As always, there are a ton of great mystery books hitting the shelves this week. Check out the list and come grab one from the store!
Gods and Beasts by Denise Mina
It’s the week before Christmas when a lone robber bursts into a busy Glasgow post office carrying an AK-47. An elderly man suddenly hands his young grandson to a stranger and wordlessly helps the gunman fill bags with cash, then carries them to the door. He opens the door and bows his head; the robber fires off the AK-47, tearing the grandfather in two. DS Alex Morrow arrives on the scene and finds that the alarm system had been disabled before the robbery. Yet upon investigation, none of the employees can be linked to the gunman. And the grandfather-a life-long campaigner for social justice-is above reproach. As Morrow searches for the killer, she discovers a hidden, sinister political network. Soon it is chillingly clear: no corner of the city is safe, and her involvement will go deeper than she could ever have imagined.
Gray Men by Tomotake Ishikawa
Winner of the 2011 Golden Elephant Award for International Genre Fiction.
A young staffer at a jewelry store in Tokyo’s posh Ginza district wants to take his own life. No longer able to bear the intense workplace bullying that besets him in the wake of an unjust costumer complaint. As Ryotaro looks for a place to die, he is accosted by a mysterious figure dressed head-to-toe in gray who purports to be able to identify those who are contemplating suicide. When the youth is saved from himself, he has no idea that the elegant robbery in broad daylight for which he is being recruited is no more than the middle act of a rebellion against the ONE PERCENT!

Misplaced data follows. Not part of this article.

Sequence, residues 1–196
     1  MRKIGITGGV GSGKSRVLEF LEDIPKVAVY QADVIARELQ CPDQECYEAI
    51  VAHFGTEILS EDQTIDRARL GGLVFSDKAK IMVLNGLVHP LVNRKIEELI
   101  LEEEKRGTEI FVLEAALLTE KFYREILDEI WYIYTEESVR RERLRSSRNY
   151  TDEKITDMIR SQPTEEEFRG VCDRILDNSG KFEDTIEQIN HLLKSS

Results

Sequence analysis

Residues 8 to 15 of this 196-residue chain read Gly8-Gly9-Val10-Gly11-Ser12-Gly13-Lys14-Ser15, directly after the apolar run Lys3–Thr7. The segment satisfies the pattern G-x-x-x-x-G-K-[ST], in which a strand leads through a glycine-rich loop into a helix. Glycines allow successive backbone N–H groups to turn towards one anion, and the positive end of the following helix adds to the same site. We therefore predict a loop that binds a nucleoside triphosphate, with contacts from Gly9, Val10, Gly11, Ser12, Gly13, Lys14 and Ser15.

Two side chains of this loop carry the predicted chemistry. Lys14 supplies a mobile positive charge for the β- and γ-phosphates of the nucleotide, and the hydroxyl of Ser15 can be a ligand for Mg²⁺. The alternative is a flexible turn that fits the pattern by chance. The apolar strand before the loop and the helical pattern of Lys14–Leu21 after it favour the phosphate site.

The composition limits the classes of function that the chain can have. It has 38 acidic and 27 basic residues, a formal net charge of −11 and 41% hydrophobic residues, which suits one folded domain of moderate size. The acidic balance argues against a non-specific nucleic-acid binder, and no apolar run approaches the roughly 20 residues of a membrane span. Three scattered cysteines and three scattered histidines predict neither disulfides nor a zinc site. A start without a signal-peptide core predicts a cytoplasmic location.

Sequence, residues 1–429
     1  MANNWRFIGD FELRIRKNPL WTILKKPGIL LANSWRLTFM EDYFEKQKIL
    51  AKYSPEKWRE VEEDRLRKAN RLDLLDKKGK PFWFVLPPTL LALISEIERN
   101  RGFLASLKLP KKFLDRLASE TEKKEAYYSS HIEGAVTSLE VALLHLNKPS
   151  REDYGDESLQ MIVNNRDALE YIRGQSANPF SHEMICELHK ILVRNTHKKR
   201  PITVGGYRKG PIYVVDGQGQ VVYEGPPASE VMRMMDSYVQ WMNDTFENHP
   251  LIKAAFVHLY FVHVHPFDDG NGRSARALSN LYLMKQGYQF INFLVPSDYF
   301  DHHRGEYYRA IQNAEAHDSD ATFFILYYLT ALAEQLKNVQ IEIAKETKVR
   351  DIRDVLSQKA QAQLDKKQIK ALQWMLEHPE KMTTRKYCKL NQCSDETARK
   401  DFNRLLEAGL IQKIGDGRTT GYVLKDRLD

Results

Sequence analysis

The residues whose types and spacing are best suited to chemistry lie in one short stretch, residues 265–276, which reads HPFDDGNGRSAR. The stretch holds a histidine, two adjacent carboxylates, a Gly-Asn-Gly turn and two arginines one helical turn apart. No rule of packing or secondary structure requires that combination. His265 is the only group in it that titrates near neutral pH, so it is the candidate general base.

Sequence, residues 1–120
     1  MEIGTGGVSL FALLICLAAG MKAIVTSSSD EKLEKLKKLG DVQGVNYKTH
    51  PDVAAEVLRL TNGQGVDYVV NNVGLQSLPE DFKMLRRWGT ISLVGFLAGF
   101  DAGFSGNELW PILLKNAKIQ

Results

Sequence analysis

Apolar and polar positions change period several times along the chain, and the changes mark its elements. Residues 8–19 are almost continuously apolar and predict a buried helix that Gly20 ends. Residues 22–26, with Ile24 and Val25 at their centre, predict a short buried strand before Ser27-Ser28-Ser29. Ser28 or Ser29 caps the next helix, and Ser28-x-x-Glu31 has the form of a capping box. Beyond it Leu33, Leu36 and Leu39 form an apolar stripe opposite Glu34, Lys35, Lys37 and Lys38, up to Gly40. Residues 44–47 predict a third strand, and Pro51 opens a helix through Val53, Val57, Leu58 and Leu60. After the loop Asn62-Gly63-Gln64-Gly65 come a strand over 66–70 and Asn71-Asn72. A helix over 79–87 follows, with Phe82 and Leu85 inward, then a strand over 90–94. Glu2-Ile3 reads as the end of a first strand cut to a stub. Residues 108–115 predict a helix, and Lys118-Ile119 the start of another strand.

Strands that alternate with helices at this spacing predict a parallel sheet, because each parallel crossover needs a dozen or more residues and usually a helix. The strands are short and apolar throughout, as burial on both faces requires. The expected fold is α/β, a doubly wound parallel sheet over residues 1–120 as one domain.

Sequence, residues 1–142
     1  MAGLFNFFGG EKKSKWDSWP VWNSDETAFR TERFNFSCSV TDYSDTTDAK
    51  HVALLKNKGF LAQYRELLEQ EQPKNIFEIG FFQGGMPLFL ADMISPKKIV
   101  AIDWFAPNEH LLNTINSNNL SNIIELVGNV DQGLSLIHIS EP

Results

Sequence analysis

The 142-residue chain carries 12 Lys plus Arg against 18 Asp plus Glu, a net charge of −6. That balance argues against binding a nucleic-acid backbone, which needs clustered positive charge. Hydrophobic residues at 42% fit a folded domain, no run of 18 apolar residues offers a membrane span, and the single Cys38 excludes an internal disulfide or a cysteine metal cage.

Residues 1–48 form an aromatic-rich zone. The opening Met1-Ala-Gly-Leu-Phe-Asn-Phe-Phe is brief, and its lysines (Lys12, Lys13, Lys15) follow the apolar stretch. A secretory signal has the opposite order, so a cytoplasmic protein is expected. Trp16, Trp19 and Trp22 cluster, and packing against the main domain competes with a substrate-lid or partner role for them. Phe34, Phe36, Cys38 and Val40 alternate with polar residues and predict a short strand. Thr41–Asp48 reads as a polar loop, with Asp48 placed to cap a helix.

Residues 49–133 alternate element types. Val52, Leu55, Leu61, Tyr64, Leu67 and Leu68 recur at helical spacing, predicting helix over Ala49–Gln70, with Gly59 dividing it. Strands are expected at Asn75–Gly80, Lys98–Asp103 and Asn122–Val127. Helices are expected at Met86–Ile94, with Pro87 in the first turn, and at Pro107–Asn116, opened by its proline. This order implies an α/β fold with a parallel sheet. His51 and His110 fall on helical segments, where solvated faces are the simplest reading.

Black Irish by Stephan Talty
When Jimmy Ryan’s mangled corpse is found in a local church basement, this sadistic sacrilege sends a bone-deep chill through the winter-whipped city. It also seems to send a message—one that Abbie believes only the fiercely secretive citizens of the neighborhood known as “the County” understand. But in a town ruled by an old-world code of silence and secrecy, her search for answers is stonewalled at every turn, even by fellow cops. Only when Abbie finds a lead at the Gaelic Club, where war stories, gossip, and confidences flow as freely as the drink, do tongues begin to wag—with desperate warnings and dire threats. And when the killer’s mysterious calling card appears on her own doorstep, the hunt takes a shocking twist into her own family’s past. As the grisly murders and grim revelations multiply, Abbie wages a chilling battle of wits with a maniac who sees into her soul, and she swears to expose the County’s hidden history—one bloody body at a time.
Crimes in Southern Indiana by Frank Bill
Our Hard Word book club looks at a book that made a hell of a splash in 2011, Crimes In Southern Indiana by Frank Bill. Bill put together a series of connected short stories about the denizens in a Midwest town that is decaying from unemployment and meth, where a life of crime is about the only way to live. The style ends up being both rural lit and hard boiled pulp at its finest.
Every story stands out. “Hill Clan Cross” sets everything off with a rollicking start and a kicker of a last line. “Coon Hunter’s Noir” is a great take on The Maltese Falcon with a hound instead of a black bird. “Cold, Hard Love” a sort of prequel to Bill’s upcoming novel, Donnybrook, has you laughing and cringing at the same time. One of the more subdued, but most haunting, tales is “The Old Mechanic” about a boy meeting his grandfather who had a history of being abusive. In total they make up a dark mosaic on current small town America.
Our discussion of Crimes In Southern Indiana is at 7:00 PM, Wednesday, February 27th on our third floor and we’re happy to announce that Frank Bill will be calling in to take questions. The book is 10% off for those who attend.
We shot this fun little video of me hyping up the latest novel from Carsten Stroud, Niceville. Check it out!